If you and Lobo love learning and are constantly doing it, they will pick that up and learn as well. Not necessarily the same things you are learning, or what you think they should be learning, but it is a process. It is not possible to learn one thing without learning others, unless you are in "school" of some sort.

I recommend that you let them "detox" from "learning" and "school". Observe what they do. When you see something they are interested in, recommend a book, or a TV program about the topic. Help them build what ever they want. Let them take the lead. Let it be their decision.

The standard objection to this is: What if they never want to do anything? This is where libertarian values come in very handy. Freedom is, among other things, the freedom to starve. We have always let them know that they are free, and one day, they will be free to starve, if that is the path they choose. Life is wonderful and full of joy, but only if you make it so. It is very easy to make it awful. Their choice, their decision. Always.

Doing it versus seeing it.

Time is the way to limit access to TV, gameboys, etc. It is even better if there is some good external reason.

We have used electricity as the limiter before, as well as common courtesy: to the former, both of us are unwilling to pay for electricity for 24-hour video game binges—but if a snolf is willing to pay to play, he or she may; and to the latter, we have “quiet time” hours which apply to all, and during which noisy electronics are off as a courtesy to people who may be trying to sleep.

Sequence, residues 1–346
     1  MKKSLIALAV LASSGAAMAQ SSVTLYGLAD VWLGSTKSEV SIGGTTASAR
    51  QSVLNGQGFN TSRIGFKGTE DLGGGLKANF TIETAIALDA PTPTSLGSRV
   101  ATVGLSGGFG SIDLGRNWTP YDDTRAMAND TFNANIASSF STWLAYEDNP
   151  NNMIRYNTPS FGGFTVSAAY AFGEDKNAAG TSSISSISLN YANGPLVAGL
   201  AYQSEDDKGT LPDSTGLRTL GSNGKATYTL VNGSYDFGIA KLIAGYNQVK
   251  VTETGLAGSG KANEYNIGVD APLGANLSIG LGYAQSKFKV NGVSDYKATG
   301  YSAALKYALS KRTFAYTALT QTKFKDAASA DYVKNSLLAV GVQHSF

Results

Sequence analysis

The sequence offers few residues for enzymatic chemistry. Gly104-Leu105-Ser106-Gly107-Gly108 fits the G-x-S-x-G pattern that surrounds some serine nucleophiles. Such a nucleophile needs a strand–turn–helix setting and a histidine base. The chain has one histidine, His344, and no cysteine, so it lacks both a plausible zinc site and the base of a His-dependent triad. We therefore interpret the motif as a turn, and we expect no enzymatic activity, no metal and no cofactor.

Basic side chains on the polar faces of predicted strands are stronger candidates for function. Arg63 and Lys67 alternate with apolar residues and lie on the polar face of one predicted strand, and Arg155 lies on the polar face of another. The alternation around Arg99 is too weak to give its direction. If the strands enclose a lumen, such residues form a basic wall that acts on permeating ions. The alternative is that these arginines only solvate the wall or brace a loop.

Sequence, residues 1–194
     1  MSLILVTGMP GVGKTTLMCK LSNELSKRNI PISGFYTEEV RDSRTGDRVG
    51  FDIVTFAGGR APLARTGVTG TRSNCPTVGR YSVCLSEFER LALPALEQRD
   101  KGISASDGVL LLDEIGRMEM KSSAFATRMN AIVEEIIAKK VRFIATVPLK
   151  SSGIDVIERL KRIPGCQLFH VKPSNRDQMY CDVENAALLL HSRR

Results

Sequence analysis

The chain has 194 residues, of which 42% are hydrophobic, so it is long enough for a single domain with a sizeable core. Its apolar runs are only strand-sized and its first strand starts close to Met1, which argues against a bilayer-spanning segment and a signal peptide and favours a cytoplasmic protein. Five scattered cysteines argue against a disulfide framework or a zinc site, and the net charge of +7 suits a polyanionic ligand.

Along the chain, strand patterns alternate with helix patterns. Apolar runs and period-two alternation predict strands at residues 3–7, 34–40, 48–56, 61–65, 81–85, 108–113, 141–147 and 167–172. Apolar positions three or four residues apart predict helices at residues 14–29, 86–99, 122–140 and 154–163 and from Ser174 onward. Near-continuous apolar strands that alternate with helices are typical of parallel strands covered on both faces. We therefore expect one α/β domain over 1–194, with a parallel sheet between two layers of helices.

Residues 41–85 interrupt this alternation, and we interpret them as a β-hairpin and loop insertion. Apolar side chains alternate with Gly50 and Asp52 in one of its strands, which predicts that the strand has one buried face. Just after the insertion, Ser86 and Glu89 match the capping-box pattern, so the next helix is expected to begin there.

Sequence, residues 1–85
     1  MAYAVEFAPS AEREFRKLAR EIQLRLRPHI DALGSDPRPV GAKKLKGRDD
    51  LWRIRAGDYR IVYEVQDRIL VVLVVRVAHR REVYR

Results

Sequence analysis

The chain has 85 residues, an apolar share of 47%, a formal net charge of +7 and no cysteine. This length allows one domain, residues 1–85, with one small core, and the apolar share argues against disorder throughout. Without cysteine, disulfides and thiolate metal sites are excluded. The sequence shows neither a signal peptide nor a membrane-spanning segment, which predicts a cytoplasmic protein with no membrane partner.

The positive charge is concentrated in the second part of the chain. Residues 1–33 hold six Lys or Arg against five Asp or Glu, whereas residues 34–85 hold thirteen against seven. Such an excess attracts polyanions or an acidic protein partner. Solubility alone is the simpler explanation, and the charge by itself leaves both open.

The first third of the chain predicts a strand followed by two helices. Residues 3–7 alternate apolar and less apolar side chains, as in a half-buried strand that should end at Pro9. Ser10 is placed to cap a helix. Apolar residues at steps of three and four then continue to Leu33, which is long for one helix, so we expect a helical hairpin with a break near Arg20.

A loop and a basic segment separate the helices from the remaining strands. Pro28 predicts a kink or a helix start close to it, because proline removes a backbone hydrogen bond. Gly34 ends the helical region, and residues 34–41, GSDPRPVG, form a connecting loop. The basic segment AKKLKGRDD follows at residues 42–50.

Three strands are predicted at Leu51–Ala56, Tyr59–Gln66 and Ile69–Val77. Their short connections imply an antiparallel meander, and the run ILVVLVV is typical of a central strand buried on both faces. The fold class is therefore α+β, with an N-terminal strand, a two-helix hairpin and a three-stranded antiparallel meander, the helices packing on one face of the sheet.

If you and Lobo love learning and are constantly doing it, they will pick that up and learn as well. Not necessarily the same things you are learning, or what you think they should be learning, but it is a process.

We do, but much of our learning isn’t that visible to them. We both find a lot of things on the internet, and very frequently share them with the snolfs (and everyone in the family); so far the snolfs seem relatively uninterested in exploring the web on their own. Similarly, because they’re in the learning stages of searching, they get frustrated when the information they see isn’t immediately available, or obvious in the list of search results. Lobo learns a lot through his travel, and he has taken the snolfs on a couple of his business trips, but that isn’t something that can happen frequently.

I appreciate your responses, Jorge; I think my greatest difficulty is that I’m hoping for an answer that is impossible, given that Lobo and I have some differing ideas and/or goals regarding parenting the snolfs.

What to do?

1) Emphasize learning on video/computer games. "What did you learn by (or from) that move/play/game?" Let them see that play can be educational.

2) Likewise, make a game of educational subjects such as geography, astronomy, budgeting, etc. applied to everyday situations. Or get Scrabble and other learning ames in digital form that they can hold and carry around and challenge each other with. Learning can be fun without their realizing it.

Sounds like you're trying to do these things, but somehow your desire for their education is getting in the way of their desire to learn. They are too smart by half; don't allow the horse to take control of the bit. You DO need to structure some learning time.